If a Companion is to be an interface to the web, say, for a user who is technologically incompetent yet who must conform to the standards of identity that society requires and imposes, then the Companion will have to understand identity to some degree and possibly be able to manipulate slightly different forms of it. In the US and UK, identity is currently established by a range of items with numbers, from passports through credit cards to health, driving licence and tax numbers (some with associated passwords or PINs), with the Social Security number having a definite primacy in the US. In most EU countries there is a single ID number based, of which the clearest is on the life-long single Personnummer in Sweden. States prefer a citizen to be identified by a single number and in the UK there is currently strong pressure for something closer to the Swedish model, although UK law has, at the moment, no clear definition of identity (with legally registered unique names and addresses, as in most of the EU) and there is no legal problem in the UK with having a number of identities simultaneously and bank accounts for each (as a famous case brought, and lost, by the Post Office showed some years ago) so long as there is no intention to defraud.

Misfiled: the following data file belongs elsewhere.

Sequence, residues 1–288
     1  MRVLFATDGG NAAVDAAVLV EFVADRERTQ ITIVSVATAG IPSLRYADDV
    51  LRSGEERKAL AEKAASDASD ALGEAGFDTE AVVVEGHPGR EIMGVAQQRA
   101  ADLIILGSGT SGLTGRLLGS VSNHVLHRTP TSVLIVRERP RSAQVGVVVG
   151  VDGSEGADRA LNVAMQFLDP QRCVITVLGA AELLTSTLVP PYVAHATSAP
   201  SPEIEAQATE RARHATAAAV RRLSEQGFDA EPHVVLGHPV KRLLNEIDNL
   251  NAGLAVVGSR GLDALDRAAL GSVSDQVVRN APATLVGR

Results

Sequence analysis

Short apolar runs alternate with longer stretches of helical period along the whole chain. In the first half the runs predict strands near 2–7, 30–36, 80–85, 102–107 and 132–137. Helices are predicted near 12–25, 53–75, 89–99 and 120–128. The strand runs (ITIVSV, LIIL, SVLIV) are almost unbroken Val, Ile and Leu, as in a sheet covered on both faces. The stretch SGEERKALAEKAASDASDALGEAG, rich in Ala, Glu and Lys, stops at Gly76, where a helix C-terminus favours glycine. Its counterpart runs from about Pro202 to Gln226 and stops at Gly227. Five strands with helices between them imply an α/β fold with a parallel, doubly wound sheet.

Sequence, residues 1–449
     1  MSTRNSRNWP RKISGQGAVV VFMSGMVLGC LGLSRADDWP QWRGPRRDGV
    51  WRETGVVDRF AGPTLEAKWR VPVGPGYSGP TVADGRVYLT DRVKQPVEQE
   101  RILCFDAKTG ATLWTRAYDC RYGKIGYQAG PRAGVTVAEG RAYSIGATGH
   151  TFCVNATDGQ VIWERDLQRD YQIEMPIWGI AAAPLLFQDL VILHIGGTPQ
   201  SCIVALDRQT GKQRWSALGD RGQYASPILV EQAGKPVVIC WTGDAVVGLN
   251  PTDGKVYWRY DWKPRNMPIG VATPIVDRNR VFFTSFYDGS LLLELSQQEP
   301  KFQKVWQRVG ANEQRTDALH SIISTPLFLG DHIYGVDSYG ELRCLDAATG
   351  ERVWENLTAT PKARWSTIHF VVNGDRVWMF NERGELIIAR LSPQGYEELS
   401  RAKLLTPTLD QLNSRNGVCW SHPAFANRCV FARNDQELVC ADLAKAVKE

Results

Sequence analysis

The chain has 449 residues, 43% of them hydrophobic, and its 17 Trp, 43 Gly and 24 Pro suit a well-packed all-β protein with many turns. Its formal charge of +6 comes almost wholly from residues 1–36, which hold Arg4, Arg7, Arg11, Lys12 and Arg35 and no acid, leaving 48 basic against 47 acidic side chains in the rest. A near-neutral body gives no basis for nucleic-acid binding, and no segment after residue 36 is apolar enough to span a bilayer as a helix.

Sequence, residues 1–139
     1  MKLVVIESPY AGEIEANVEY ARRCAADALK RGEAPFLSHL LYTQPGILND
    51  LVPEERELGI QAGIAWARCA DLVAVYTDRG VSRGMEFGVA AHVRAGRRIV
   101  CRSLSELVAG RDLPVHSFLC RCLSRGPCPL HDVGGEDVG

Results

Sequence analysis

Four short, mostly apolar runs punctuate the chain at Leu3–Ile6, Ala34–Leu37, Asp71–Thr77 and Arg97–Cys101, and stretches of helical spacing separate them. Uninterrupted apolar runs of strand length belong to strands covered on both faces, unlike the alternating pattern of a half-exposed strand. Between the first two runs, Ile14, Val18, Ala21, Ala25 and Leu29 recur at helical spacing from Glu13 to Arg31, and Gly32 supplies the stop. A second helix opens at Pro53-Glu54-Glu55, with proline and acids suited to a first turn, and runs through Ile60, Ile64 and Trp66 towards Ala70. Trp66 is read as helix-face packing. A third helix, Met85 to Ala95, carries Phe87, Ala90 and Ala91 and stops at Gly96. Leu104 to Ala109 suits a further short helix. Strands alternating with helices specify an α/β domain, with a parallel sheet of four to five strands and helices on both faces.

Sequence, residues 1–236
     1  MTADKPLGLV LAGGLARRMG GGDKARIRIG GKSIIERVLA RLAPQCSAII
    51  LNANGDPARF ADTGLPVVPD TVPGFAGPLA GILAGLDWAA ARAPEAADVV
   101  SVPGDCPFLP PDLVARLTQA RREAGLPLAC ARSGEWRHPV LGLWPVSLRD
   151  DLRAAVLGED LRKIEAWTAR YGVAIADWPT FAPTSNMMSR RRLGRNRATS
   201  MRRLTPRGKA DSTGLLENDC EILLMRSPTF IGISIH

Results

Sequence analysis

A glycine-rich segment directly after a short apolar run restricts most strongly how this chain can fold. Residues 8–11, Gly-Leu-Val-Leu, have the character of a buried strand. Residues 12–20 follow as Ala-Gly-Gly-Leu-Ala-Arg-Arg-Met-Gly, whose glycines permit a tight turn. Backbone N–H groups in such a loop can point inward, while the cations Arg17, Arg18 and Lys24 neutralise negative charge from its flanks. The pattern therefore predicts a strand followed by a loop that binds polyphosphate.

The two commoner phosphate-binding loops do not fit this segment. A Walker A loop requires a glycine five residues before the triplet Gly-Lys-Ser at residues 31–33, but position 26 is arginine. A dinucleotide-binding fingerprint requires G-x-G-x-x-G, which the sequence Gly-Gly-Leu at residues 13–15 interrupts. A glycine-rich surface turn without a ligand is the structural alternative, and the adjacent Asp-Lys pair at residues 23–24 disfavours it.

All this is important since identity checks are the basis of all Web transactions and if a Companion is to deal with an old person’s affairs it will need something approaching a power of attorney or at least an understanding of how identity is established in Web transactions, as well as a method for establishing that its owner approves of what it is doing in individual transactions, in case of later disputes (e.g. by angry relatives after an old person’s money has been spent). Neil Birch has recently described a scenario in which security of identity can be achieved with out the imposition of unique identity, which security-minded authorities would certainly resist but may be very important to someone who feels that they have a right to buy something on the Internet revealing only, say, their age but not who they actually are.
All these issues are the subjects of active research programs, but what I am introducing here is the possibility that a Companion, as a new kind of artefact among us, may focus our minds on a set of intellectual and practical issues in a new way, even though some of them are very traditional issues indeed.